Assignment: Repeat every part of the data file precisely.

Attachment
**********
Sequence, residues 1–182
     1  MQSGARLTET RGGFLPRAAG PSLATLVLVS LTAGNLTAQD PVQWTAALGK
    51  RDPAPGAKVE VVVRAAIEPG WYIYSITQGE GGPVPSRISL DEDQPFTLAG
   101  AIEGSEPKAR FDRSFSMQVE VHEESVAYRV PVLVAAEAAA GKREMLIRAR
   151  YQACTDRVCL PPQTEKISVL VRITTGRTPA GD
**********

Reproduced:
Sequence, residues 1–182
     1  MQSGARLTET RGGFLPRAAG PSLATLVLVS LTAGNLTAQD PVQWTAALGK
    51  RDPAPGAKVE VVVRAAIEPG WYIYSITQGE GGPVPSRISL DEDQPFTLAG
   101  AIEGSEPKAR FDRSFSMQVE VHEESVAYRV PVLVAAEAAA GKREMLIRAR
   151  YQACTDRVCL PPQTEKISVL VRITTGRTPA GD